For people used to seeing a group of people in one position, subjugated by supposed inferiority, stories like that of Epicurean Wines are a beacon of possibility for Africa and the diaspora. They are also a powerful echo of the words of South Africa’s second democratically elected president Thabo Mbeki, in his ‘I am an African’ speech in 1996: that the pain of the Black African is a pain that no others have been made to bear. The path to healing that vicious pain lies in reparations and in restitution. Healing the wounds of the past is tied to both symbolic transformation and empowerment programmes which work towards fair and equitable representation of previously disadvantaged people, across the value chain. The problem is that that symbolism has yet to be accepted as legal tender. It has never paid a bill and never will.
The wine business is ultimately a business, built on the backs of labour from whom land was stolen, kept stupefied by the dop system of dispensing free alcohol, and still today living in deplorable conditions on too many farms. For South African wine, transformation and economic inclusion is as urgent as the fermentation process is for making wine.
Fairtrade is much more than a label on a heavy glass bottle; it brandishes the hope that puts children through school, removes shame, and elevates the dignity of farm labour.
This noble ideal requires equity, transparency, integrity and egalitarianism.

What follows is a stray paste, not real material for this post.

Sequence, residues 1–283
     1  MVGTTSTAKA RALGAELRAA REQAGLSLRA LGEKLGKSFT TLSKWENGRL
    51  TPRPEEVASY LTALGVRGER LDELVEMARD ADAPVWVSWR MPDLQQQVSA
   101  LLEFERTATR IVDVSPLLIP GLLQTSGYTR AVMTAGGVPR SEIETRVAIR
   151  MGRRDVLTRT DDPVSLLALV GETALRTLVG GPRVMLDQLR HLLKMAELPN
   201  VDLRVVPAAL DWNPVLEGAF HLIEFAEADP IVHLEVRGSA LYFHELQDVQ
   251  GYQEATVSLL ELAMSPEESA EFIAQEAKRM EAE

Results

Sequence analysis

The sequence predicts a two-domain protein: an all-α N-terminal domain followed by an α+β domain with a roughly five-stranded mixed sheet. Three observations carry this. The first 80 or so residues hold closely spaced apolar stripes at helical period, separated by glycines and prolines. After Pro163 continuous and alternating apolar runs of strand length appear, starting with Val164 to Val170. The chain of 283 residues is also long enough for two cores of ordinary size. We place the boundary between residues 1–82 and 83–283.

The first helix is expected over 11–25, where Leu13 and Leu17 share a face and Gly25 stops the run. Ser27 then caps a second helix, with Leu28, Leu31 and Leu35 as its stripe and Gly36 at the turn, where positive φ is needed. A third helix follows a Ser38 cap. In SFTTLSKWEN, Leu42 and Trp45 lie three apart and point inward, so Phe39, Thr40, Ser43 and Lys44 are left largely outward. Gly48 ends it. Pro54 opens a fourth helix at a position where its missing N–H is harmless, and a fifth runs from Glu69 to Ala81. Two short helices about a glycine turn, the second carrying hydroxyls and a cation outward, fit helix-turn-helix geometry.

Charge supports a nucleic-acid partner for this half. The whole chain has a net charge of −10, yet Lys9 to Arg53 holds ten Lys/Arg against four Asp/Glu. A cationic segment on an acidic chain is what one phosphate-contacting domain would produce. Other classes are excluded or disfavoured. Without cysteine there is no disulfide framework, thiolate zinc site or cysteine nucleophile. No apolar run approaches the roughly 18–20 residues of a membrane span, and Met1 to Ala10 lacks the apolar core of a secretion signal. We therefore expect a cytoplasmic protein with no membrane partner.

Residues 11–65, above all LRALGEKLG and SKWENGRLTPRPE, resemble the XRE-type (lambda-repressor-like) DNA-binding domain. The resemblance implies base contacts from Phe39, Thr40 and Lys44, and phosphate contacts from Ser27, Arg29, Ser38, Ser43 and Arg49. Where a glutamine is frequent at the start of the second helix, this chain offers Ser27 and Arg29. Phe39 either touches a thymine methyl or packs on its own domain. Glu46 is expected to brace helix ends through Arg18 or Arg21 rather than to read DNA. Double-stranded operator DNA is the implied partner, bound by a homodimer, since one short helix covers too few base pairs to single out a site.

Even though the economic empowerment of formerly disenfranchised Black people has become a political hot potato, it has resulted in far too little real action and genuine improvement. It’s frankly an insult to the memory of the violence and poverty that so many have been subjected to.
It should be a blight on the conscience of every wine consumer, looming so large that it emboldens them to ask more of their producers. It should encourage the consumer to assess the impact of each link and cog along the value chain. It should give pause to considerations of the shelf price of a bottle of wine. The empowerment and economic inclusion of workers should inform how wine is priced and sold. Indeed, high ethical leadership is the responsibility of producers, but consumers too should be critical.
Despite the many difficulties of the past, Black South Africans in wine ultimately want to explore sensory pleasure, to create exceptional products such as wine, and to share those pursuits with their friends. Sadly, racism too often serves as a distraction from that pursuit.
As the writer Toni Morrison explained, ‘the very serious function of racism … is distraction. It keeps you from doing your work. It keeps you explaining, over and over again, your reason for being. Somebody says you have no language and so you spend 20 years proving that you do. Somebody says your head isn’t shaped properly so you have scientists working on the fact that it is. Somebody says that you have no art so you dredge that up. None of that is necessary. There will always be one more thing.’
In this present moment in history, we should be celebrating the gains we have made, while pausing to consider who we have made those gains alongside, not justifying our existence or desire for the pleasures of life. Epicureans, while pausing to consider the moment, are invested in good food and wine and the good friends who they pursue these pleasures with.
The current seminal moment in history allows us to respond to it with what wine ultimately brings to so many: pleasure.
Tshepang Molisana holds a WSET Level 2, an Advanced Brandy Certificate from the Cape Wine Academy and won the Veritas Young Wine Writer of the Year Award in 2016.